Fiber Optic Terms and Definitions

Fiber Optics NOUN (used with a singular verb):

The branch of optics that deals with the transmission of light through transparent fibers, as in the form of pulses for the transmission of data or communications, or through fiber bundles for the transmission of images.

Fiber Optics in Science

Technology based on the use of hair-thin, transparent fibers to transmit light or infrared signals. The fibers are flexible and consist of a core of optically transparent glass or plastic, surrounded by a glass or plastic cladding that reflects the light signals back into the core. Light signals can be modulated to carry almost any other sort of signal, including sounds, electrical signals, and computer data, and a single fiber can carry hundreds of such signals simultaneously, literally at the speed of light. Signals that have weakened after travelling very long distances in the fibers can be optically pumped with lasers, amplifying them without the need to convert them into electrical signals.

Optical fibers are relatively inexpensive to manufacture and install when compared with wire cables, and they require very little power and are easily laid out underground. Optical fibers are also used to transmit images focused on one end to the other end through circuitous paths, as in bronchoscopes and colonoscopes used in medical examinations.

Return loss

In telecommunications, return loss is the loss of power in the signal returned/reflected by a discontinuity in a transmission line or optical fiber. This discontinuity can be a mismatch with the terminating load or with a device inserted in the line. It is usually expressed as a ratio in decibels (dB);

where RL(dB) is the return loss in dB, Pi is the incident power and Pr is the reflected power./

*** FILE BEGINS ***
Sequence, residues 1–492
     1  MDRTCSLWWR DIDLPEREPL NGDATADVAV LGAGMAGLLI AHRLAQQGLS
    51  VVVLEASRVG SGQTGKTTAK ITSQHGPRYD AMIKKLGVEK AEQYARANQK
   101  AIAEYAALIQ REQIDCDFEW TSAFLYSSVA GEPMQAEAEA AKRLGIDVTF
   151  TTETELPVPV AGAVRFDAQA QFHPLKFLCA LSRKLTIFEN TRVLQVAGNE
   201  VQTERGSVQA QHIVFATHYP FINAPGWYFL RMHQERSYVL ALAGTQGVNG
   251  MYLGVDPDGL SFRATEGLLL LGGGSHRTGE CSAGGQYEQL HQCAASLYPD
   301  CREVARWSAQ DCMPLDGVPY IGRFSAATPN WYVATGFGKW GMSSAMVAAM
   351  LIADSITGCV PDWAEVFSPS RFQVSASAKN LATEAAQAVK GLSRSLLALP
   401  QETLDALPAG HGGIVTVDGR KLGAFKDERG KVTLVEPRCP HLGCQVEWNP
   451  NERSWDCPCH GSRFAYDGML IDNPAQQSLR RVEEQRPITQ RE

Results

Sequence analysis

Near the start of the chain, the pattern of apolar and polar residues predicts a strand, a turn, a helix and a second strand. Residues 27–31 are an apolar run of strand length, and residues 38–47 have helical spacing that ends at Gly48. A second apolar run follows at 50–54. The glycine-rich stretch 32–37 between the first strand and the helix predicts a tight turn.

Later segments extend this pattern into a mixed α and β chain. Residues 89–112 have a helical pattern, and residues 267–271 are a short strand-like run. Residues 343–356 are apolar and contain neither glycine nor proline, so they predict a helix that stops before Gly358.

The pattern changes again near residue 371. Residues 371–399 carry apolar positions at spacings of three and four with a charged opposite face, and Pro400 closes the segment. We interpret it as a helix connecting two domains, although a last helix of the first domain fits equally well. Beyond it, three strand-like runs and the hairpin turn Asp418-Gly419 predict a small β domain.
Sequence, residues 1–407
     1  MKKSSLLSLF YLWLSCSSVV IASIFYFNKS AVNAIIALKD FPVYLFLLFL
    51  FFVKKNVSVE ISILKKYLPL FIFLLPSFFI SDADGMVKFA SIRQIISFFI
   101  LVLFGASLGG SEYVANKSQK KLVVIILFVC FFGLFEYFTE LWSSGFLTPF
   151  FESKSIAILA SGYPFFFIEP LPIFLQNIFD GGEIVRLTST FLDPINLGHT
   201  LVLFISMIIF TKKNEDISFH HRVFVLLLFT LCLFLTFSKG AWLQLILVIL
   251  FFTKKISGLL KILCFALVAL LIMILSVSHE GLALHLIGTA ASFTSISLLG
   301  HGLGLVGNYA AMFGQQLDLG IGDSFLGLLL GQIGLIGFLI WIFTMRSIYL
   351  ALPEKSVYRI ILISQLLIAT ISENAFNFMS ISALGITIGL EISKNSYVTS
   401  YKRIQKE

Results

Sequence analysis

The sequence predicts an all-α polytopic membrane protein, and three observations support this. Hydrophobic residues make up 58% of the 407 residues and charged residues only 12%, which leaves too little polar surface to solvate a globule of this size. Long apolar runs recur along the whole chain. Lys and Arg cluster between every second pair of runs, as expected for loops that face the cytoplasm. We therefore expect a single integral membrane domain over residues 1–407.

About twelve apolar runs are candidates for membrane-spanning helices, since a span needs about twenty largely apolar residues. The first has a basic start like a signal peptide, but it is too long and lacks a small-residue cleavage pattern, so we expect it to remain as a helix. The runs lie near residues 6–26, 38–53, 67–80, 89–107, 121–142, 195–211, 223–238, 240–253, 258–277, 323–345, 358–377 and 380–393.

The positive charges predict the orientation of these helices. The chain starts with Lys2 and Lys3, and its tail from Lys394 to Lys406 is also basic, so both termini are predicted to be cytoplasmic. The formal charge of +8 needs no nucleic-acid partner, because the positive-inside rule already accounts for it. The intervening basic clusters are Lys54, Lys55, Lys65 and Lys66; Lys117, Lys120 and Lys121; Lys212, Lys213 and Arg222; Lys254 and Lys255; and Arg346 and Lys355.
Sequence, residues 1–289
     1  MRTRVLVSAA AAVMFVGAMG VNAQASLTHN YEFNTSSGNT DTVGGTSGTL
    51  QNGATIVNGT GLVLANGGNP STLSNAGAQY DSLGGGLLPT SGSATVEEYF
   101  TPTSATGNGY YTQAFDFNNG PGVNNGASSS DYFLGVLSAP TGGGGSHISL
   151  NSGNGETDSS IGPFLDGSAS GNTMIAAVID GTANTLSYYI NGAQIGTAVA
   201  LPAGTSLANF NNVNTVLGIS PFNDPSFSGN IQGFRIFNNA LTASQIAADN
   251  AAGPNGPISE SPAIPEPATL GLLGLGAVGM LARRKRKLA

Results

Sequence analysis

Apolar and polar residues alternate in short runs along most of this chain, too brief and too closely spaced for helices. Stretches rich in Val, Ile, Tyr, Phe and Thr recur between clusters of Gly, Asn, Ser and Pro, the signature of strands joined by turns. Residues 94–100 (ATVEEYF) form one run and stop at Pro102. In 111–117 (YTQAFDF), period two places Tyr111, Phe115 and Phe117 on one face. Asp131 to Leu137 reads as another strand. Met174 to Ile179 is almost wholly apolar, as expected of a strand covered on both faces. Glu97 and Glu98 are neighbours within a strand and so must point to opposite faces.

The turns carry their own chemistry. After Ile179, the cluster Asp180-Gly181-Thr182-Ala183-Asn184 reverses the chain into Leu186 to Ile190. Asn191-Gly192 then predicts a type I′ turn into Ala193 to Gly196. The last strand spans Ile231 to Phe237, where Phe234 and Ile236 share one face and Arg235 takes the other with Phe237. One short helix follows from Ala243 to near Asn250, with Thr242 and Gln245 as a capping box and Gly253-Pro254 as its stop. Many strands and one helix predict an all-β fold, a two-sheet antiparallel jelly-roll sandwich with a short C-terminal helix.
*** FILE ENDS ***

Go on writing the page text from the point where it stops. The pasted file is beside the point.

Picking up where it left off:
Return loss is related to both standing wave ratio (SWR) and reflection coefficient (Γ). Increasing return loss corresponds to lower SWR. Return loss is a measure of how well devices or lines are matched. A match is good if the return loss is high. A high return loss is desirable and results in a lower insertion loss.

Return loss is used in modern practice in preference to SWR because it has better resolution for small values of reflected wave.

Photonics NOUN [foh-ton-iks] /foʊˈtɒn ɪks/

(used with a singular verb)

1. the study and technology of the use of light for the transmission of information.

Photonics in Science Expand: [fō-tŏn’ĭks]

The scientific study or application of electromagnetic energy whose basic unit is the photon, incorporating optics, laser technology, electrical engineering, materials science, and information storage and processing.

Connector or Connecter NOUN [kuh-nek-ter] /kəˈnɛk tər/

  1. a person or thing that connects.
  2. any of various devices for connecting one object to another.
  3. (formerly) a person who couples railroad cars

Attenuator NOUN [uh-ten-yoo-ey-ter] /əˈtɛn yuˌeɪ tər/

In electronics, a device for decreasing the amplitude of an electronic signal

What is a Cat 5 cable?

Category 5 cable, commonly referred to as Cat 5, is a twisted pair cable for carrying signals. This type of cable is used in structured cabling for computer networks such as Ethernet.

Short for Category 5 Enhanced, Cat-5e network cabling is used as a cabling infrastructure for 10BASE-T (Ethernet), full duplex 100BASE-TX (Fast Ethernet) and 1000BASE-T (Gigabit Ethernet, or GbE) networks. The Cat 5e standard provides performance of up to 100 MHz and can be used up to a maximum length of 100 meters

What is Cat 6 Cable?

Category 6 cable, commonly referred to as Cat 6, is a standardized twisted pair cable for Ethernet and other network physical layers that is backward compatible with the Category 5/5e and Category 3 cable standards.

What is the difference between a CAT5e and cat6 Ethernet cable?
Cat6A is the newest iteration and utilizes an exceptionally thick plastic casing that helps further reduce crosstalk. The biggest distinguishing difference between Cat6 and Cat6A cables is that Cat6A can maintain 10 Gigabit speeds for the full 328 feet of Ethernet cable

What is a Ethernet Cable?

Answer: Ethernet is a network protocol used to make a network. Though, when most people refer to an ethernet cable what they mean is a Cat 5 or Cat 6 cable (standard network cables) with an RJ45 connector on the end. These are used to connect things like a pc’s / laptop’s / xbox 360’s / ps3’s and many other things to a network to gain access to the internet or other shared resources like printers or applications.

An Ethernet cable, also called a category 5 (Cat 5) cable, carries the broadband signals between your modem, router, computer, and other wired Internet-capable devices. Ethernet cables are capable of accommodating the speeds associated with all levels of Internet service.